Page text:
Students strive to preserve the coral reefs

by Christian Houser , Staff Writer

The San Diego Arks Project, a project featuring many San Diego State students, builds midwater structures called arks that can help build new coral reefs and restore reefs that have degraded due to microbialization and climate change

The San Diego Arks Project is led by Jason Baer, an SDSU Ph.D. candidate, who has worked in the Caribbean and San Diego to study the impacts of the arks.

“My passion for coral reefs comes from personal amazement,” said Baer. “The more you learn about them you realize that not that many people know how much of an economic and cultural value they have around the world.”

Over the last 25 years, half of the world’s coral reefs have been destroyed or depleted. This project aims to reverse these damages.

“There are very few environments that are degrading that fast and it is pretty sad to watch,” said Baer. “It is much easier to break something than it is to build it back up.”

Conor Kennedy, a SDSU senior studying International Security and Conflict Resolution (ISCOR) with an emphasis on the environment, said he believes this project is important for students at SDSU who are interested in the environment.

“If SDSU wasn’t doing things like this maybe I wouldn’t have an emphasis on the environment,”  Kennedy said.”It’s inspirational to see that doing things here can lead to something in the real world.”

The lab led by Forest Rowher, an SDSU microbial ecologist and virologist, has been working on characterizing the mechanisms of coral reef degradation for about 20 years.

“One of the main findings of the lab in the last twenty years is that coral reef degradation is really mediated by the microbes and the viruses on coral reefs. It starts from human impacts like overfishing and pollution,” said Baer. “As those things change the community structure of the reef. It has big implications for the microbial and viral communities which then cause feedback loops that end in coral death.”

The new focus of the lab is to break the feedback loops that result in coral reef degradation.

Baer and Mark Hatay, an engineer at the SDSU lab, designed the initial structures that aim to fight these feedback loops.

“We tried our best balancing a structure with one that is practical and one that is biologically and physically representative,” said Baer.

The shape of the Arks are modeled after a phage capsid that offers a high surface area to volume ratio. The phage capsid structure resembles an icosahedron which is made up of many triangular faces.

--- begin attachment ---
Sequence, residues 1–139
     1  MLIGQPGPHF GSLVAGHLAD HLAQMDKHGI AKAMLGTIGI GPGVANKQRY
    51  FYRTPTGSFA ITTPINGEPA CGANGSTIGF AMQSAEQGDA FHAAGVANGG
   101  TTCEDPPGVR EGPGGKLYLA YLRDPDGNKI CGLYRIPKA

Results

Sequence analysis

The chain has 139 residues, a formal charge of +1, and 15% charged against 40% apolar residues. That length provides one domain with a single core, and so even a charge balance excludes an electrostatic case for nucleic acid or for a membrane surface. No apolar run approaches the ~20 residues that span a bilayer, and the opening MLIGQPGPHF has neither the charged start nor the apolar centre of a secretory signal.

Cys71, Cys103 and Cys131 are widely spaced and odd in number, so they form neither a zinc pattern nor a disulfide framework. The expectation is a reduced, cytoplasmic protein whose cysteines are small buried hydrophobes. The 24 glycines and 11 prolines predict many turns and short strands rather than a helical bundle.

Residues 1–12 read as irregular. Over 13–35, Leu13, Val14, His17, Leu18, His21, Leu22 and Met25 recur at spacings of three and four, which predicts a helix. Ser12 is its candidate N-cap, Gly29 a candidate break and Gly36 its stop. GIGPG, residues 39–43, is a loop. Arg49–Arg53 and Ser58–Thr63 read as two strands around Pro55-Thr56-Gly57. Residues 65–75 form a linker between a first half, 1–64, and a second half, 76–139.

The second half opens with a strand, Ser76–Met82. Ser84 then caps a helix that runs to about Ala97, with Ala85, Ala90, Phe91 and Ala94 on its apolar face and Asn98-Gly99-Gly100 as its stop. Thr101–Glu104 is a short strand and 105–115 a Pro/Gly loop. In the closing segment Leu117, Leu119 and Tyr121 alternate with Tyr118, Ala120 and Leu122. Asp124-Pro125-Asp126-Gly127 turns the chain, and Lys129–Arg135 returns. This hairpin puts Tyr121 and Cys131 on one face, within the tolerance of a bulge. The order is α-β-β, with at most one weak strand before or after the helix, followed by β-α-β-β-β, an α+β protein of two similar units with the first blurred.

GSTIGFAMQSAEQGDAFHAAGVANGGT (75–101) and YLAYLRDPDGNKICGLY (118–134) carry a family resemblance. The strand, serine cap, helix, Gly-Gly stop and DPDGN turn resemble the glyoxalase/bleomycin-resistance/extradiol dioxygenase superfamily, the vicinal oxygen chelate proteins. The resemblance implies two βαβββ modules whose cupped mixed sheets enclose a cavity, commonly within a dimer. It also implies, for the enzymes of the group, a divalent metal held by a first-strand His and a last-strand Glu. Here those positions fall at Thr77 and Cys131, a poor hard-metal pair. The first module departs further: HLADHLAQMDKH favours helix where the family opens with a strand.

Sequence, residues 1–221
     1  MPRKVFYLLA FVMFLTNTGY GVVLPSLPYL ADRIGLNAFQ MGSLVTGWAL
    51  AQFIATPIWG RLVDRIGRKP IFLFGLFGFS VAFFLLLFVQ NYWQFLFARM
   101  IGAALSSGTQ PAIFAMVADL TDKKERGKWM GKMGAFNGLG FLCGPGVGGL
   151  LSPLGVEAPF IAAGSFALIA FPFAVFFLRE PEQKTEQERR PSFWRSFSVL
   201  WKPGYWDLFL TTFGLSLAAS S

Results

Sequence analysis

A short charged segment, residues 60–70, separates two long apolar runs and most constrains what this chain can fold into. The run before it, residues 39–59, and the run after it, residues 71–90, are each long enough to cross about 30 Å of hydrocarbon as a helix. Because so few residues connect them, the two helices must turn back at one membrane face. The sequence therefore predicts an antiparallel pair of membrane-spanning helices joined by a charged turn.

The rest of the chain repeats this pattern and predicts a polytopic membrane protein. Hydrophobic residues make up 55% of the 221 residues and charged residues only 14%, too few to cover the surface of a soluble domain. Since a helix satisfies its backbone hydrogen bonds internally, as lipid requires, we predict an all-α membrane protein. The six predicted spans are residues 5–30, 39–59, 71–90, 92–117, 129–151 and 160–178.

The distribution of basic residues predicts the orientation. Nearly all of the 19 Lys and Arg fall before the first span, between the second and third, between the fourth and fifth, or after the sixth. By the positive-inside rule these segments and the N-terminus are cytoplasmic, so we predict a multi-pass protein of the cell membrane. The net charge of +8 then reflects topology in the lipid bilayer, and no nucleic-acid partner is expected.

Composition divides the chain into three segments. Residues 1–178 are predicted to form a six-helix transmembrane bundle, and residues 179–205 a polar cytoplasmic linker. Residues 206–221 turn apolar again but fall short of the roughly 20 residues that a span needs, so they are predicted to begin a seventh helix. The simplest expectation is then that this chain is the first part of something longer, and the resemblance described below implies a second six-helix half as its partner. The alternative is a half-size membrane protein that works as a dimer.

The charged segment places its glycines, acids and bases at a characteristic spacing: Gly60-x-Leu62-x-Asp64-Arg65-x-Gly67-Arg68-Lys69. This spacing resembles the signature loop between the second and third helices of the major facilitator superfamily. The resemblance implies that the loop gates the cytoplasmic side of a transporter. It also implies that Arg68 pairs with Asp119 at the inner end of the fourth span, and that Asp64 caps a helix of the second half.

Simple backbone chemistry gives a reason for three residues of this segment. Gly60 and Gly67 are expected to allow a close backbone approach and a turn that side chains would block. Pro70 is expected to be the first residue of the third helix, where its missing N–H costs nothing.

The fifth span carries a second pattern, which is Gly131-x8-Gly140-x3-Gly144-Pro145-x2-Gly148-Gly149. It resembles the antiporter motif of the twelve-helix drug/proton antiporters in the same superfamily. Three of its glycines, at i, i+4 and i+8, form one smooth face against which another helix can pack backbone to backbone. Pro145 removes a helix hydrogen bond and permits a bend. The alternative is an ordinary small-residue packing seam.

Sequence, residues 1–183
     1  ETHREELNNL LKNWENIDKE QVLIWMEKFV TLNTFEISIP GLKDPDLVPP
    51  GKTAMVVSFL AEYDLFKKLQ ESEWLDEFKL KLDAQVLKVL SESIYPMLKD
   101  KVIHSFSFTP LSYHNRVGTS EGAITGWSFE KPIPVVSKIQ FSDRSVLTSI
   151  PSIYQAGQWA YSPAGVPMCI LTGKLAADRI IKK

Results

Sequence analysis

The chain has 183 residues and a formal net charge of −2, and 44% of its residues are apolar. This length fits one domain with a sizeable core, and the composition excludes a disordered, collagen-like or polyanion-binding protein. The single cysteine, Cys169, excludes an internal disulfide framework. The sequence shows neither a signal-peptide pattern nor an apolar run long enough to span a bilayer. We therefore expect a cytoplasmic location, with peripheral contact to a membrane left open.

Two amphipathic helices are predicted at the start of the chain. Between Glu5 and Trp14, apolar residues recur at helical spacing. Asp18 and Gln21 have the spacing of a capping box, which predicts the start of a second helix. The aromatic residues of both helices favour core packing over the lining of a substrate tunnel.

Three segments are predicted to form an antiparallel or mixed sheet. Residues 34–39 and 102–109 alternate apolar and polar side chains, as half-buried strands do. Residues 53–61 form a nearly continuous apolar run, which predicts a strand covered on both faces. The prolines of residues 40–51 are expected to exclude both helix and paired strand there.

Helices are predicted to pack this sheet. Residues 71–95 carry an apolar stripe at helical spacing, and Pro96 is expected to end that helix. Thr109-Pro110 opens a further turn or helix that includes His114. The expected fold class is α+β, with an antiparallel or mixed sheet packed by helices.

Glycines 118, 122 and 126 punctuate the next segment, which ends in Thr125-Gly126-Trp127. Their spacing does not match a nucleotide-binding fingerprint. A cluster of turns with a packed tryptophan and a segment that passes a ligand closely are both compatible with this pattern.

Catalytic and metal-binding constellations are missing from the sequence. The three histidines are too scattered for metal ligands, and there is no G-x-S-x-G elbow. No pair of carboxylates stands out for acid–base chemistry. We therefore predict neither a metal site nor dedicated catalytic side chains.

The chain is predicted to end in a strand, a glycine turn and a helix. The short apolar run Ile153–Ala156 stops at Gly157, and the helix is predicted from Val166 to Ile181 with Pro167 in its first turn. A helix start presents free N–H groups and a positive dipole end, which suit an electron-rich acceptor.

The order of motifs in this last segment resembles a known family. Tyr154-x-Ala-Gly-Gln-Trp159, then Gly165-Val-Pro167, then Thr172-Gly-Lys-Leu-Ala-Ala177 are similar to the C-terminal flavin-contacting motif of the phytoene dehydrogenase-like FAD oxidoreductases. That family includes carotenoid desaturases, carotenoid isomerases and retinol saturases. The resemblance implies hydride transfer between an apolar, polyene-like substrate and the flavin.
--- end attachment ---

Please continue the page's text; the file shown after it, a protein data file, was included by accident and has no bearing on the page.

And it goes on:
Photo by Jared Brzenski – SPH relies on modeling particles or packets of fluid, and tracking them through a simulation. You can think of it like modeling how golf balls flow around an object. As the particles get smaller (~5mm), the behavior approximates what happens with a fluid. This shows an idealized example, showing how a particle approximately 5cm in diameter simulates the flow patterns around the Ark.

“Three dimensional structure has this funny ability to recruit things,” said Baer. “Fish flock to it, and it turns out that on those local scales you get these rich biological communities that develop over time.”

These structures slow down water flow in order to offer an internal reef environment that simulates a coral reef.

Photo by Jared Brzenski – Using Smooth particle hydrodynamics (SPH), we can model fluid flow over a complex structure. Here we can see a version of the Ark, in a flow of 1.5m/s, substantially slows the flow of water through the center of the structure. Modeling behaviors like this let us better predict what the flow within the Ark will be given the conditions existing at the experimental location.

Jared Brzenski, a Ph.D. student in computational science, works on the project to help predict how the water behaves when going through and around the arks.

“I put it (ark) in a simulation in a virtual tank so I can see the vorticity, the turbulence that it generates and the difference between the outside ambient flow versus how fast it is once it is inside the ark structure,” said Brzenski. “This is just to get an idea that if they place it in a water column with a certain velocity they can expect what the flow over the reef would be. They want to try and match that to the actual conditions on the seafloor.”

Brzenski uses an online modeling software utilizing smooth particle hydrodynamics to test flow on Ark structures by adjusting different parameters such as density and gravity.

“You get a ton of information,” said Brzenski. “Imagine a bunch of tiny marbles and you push them all past the structure and each little marble keeps track of all of its properties for its entire lifetime and then you go back and look at the information and extract something meaningful from it.”

The San Diego Arks Project next step is to implement two of their 750-pound stainless steel and fiberglass structures in Vieques, Puerto Rico.

 

Photo by: Anneke Van Der
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